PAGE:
Teknologi & Gaming

Stereophile Jan-18

Every month Stereophile magazine offers authoritative reviews, informed recommendations, helpful advice, and controversial opinions, all stemming from the revolutionary idea that audio components should be judged on how they reproduce music.

United States
AVTech Media Americas, Inc.
Læs mere
62,88 kr.(Inkl. moms)
78,61 kr.(Inkl. moms)
12 Udgivelser

i denne udgave

5 min.
as we see it

“The fundamental problem of communication is that of reproducing at one point either exactly or approximately a message selected at another point.” —Claude Shannon Since its announcement at the end of 2014, Master Quality Authenticated, the MQA encoding/decoding system, has spawned outspoken criticism. Some of the more thoughtful negative reactions have come from engineers such as Dan Lavry, Bruno Putzeys, and Daniel Weiss. Others have been expressed by manufacturers of digital products: Charley Hansen at Ayre Acoustics, for example, along with Jason Stoddard and Mike Moffat at Schiit Audio, John Siau at Benchmark Media Systems, and Jim Collinson at Linn Products. Most vociferous have been anonymous website posters. As Jim Austin remarks in his examination of MQA’s decoding of impulse-response data on p.127, “the nastiness online is unprecedented.” Typical of the nastiness…

14 min.

David Manley Editor: This December marks the fifth anniversary of the death of David Manley, founder of Vacuum Tube Logic. His achievement was a line of superb audio gear with prices “everyone can afford”—his words. Value for your money? Sounds like an antique concept now, doesn’t it? I still own and use some of his terrific gear. Not for David a membership in any coterie catering, Fabergé fashion, to the rich. Not for him the fatuous price-raising race where price impersonates excellence, rounded up to the nearest $10,000. Hats off to David’s memory. —Bruce Moss Santa Fe, NM brucemoss@earthlink.net Astounding science Editor: I’m thinking you should change the name of your magazine to Amazing Stereophile Stories. You’ve got a travelogue/review of speakers that look like Dr. Zarkov’s rocket ship (“Devialet Diary,” November 2017). You’ve got turntables straight…

10 min.
industry update

UK: LONDON Paul Messenger Although getting a new high-end audio show up and running is no easy task, you’d think that a city as large and important as London would have had at least one such event every year since the mid-1950s. But for several years of the last decade, it didn’t. That situation may have changed with the second annual Indulgence Show: The Luxury Audio & Lifestyle Exhibition took place Friday–Sunday, September 29–October 1, 2017. One of Indulgence’s biggest strengths was its location, the Novotel London West, at the Hammersmith International Centre—essentially the same hotel as the Cunard International, which in the 1970s was the venue for the hi-fi shows organized by Don Quillan. The organizers claim success for the Indulgence’s “difficult second album,” claiming a 20% increase in attendance over the…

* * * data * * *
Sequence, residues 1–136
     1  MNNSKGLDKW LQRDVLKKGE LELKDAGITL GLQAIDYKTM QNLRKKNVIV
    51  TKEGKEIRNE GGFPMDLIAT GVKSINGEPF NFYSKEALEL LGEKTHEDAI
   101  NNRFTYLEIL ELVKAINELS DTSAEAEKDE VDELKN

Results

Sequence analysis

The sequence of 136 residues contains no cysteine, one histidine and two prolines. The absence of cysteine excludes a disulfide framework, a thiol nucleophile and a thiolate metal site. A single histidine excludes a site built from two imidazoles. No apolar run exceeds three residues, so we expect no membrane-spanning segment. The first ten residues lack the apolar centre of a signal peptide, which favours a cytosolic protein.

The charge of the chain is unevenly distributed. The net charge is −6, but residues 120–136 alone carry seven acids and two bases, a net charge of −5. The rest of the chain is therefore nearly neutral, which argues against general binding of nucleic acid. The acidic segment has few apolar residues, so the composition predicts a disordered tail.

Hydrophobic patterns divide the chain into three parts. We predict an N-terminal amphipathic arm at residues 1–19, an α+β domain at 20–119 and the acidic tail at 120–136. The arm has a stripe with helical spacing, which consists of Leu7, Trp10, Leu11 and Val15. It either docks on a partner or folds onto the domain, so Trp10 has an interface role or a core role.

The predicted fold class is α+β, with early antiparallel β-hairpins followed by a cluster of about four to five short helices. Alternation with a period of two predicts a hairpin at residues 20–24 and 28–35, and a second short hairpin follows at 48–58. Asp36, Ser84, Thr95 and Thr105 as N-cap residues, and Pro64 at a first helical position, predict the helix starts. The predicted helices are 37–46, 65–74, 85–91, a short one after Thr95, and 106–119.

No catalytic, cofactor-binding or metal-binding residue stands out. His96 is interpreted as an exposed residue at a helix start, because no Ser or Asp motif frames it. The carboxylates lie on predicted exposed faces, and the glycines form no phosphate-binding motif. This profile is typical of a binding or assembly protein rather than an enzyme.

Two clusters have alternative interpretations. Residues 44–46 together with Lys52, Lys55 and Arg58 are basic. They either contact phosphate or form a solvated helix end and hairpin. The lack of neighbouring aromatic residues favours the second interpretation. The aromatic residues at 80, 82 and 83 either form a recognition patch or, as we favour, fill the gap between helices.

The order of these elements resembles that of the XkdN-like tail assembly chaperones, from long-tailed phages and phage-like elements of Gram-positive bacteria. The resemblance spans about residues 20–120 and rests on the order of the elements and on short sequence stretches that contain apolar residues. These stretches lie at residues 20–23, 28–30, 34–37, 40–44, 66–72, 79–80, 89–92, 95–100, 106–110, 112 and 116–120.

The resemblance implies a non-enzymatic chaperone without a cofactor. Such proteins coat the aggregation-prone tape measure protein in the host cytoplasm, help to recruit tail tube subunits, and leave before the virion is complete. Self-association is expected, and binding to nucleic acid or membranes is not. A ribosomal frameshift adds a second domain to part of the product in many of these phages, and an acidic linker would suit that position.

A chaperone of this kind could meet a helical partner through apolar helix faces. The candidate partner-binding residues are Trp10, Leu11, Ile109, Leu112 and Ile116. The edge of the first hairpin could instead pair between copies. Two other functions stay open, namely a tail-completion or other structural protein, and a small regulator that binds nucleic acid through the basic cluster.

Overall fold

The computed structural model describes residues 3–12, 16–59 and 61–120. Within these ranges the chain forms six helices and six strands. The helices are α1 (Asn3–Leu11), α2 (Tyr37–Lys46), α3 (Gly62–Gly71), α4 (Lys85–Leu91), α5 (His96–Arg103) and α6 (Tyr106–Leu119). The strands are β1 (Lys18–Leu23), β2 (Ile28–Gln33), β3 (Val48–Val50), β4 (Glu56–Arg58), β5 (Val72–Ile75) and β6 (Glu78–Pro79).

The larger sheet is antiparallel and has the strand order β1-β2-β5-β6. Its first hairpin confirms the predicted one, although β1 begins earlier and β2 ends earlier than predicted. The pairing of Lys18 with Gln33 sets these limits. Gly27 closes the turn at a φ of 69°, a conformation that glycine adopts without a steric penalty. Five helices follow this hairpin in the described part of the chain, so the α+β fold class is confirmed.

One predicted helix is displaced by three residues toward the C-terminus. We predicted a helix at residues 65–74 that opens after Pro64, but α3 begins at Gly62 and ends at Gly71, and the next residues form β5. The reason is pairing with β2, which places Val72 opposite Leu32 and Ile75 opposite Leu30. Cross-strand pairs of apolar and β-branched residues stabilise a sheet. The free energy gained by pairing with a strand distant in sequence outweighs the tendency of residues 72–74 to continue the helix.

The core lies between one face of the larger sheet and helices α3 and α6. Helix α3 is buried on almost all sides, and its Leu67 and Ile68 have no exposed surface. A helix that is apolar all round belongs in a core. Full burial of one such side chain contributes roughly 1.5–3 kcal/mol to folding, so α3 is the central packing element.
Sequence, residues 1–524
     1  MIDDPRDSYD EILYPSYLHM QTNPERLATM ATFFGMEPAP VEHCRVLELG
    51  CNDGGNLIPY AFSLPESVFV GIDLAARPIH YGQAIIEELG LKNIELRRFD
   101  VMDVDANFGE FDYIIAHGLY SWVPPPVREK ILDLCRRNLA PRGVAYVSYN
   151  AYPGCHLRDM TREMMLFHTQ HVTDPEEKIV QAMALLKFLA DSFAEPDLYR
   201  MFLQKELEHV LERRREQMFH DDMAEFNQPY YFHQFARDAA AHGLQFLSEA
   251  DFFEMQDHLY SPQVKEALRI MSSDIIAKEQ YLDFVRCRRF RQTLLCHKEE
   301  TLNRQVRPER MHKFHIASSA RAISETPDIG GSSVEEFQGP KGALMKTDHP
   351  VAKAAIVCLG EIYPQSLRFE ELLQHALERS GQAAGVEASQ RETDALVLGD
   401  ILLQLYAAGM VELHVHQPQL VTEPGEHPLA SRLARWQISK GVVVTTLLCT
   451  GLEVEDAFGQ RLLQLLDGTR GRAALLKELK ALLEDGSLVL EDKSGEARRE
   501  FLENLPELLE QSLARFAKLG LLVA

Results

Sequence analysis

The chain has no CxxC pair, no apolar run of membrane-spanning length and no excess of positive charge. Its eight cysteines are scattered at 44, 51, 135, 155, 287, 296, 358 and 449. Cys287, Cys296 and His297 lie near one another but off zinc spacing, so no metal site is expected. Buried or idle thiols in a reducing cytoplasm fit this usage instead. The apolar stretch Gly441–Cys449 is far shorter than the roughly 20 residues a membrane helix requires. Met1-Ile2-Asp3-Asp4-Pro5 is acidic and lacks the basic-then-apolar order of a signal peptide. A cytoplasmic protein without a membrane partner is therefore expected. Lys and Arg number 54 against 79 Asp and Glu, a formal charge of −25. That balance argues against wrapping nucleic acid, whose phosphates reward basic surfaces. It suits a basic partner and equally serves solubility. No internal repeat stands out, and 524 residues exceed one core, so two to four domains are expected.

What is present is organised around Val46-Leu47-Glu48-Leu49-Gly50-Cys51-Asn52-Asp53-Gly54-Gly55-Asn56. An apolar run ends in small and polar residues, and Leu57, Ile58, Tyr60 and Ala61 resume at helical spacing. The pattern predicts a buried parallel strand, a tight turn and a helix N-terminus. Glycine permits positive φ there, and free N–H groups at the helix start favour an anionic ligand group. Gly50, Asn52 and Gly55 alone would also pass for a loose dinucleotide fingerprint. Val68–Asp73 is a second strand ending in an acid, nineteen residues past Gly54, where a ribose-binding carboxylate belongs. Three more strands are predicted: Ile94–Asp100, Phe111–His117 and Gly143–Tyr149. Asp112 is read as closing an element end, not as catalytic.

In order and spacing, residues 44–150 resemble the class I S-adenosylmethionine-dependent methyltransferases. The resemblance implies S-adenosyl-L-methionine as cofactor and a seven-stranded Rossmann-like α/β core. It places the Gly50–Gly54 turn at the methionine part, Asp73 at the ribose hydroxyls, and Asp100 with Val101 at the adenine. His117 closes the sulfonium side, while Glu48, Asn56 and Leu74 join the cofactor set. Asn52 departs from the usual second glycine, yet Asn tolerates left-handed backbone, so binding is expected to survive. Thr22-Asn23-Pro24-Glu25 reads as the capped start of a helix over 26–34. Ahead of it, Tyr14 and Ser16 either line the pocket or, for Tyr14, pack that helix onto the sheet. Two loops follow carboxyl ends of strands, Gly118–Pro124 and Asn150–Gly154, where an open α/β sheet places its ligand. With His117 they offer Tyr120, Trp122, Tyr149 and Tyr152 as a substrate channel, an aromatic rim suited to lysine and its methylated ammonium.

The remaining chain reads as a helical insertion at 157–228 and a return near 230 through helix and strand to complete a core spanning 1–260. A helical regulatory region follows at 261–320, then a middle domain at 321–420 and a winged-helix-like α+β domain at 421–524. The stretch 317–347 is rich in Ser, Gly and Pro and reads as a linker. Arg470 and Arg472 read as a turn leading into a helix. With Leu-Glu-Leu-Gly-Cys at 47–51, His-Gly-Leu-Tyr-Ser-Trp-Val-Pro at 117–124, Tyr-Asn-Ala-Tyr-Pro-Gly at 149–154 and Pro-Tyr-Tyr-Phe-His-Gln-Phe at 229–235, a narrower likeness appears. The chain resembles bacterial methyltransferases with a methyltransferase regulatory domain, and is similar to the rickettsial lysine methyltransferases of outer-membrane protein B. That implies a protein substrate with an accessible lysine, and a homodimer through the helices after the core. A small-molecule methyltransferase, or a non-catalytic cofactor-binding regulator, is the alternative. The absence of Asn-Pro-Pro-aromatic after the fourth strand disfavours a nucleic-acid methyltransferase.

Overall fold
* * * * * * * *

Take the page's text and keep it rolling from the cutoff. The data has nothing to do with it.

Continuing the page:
3 min.
calendar of industry events

ATTENTION ALL AUDIO SOCIETIES: We have a page on the Stereophile website dedicated solely to you: www.stereophile.com/audiophile-societies. If you’d like to have your audio-society information posted on the site, e-mail Chris Vogel at info@XLinkAudio.com. Please note that it is inappropriate for a retailer to promote a new product line in “Calendar” unless this is associated with a seminar or similar event. CALIFORNIA ❚ Sunday, January 14, 1–4 pm: The Los Angeles & Orange County Audio Society, in concert with the San Diego Music and Audio Guild, will hold a joint meeting at Manley Laboratories, in Chino (13880 Magnolia Avenue). Made in Chino, Not China! Once again, Manley Labs will open its factory doors to Society members for a day in which everyone will get to see the intricate details and processes that go…

16 min.
analog corner

It was great fun having our editorial coordinator, Jana Dagdagan, shoot a video profile of me in my listening room. As I write this, it’s had more than 88,000 views. While the ratio of thumbs up to thumbs down has remained consistently around 10:1, some of the negative comments, particularly about our industry and about this magazine, do enrage me. Being called a “snake oil peddler” and a “haberdasher to emperors” is bad enough, but having high-end audio characterized as “the biggest shill industry ever to hit humanity since the age of alchemy,” and as one based solely on greed, sets me off. I don’t know anyone who got into this business to become rich. I get angry when people write that they prefer science to observational reviewing, and that I “lose…

13 min.

The company appears to be long gone, but throughout the 1970s, virtually every Sunday, there was an ad in the New York Times Magazine for a manufacturer of whole-house music systems—I recollect the name as Bolton, but that gets no hits on Google, so perhaps I’ve misremembered—with a headline that went something like: “ENJOY MOZART IN THE DINING ROOM, BEETHOVEN IN THE LIVING ROOM, AND THE ROLLING STONES IN THE CHILDREN’S ROOM.” I remember wondering even then, as a distinctly unworldly teenager in upstate New York: Who in God’s name would want such a thing? Why squirt background music everywhere—and make no mistake, any system in which the user has less than complete, hands-on control of playback media is a background-music system—when, for a lot less money, you could fill…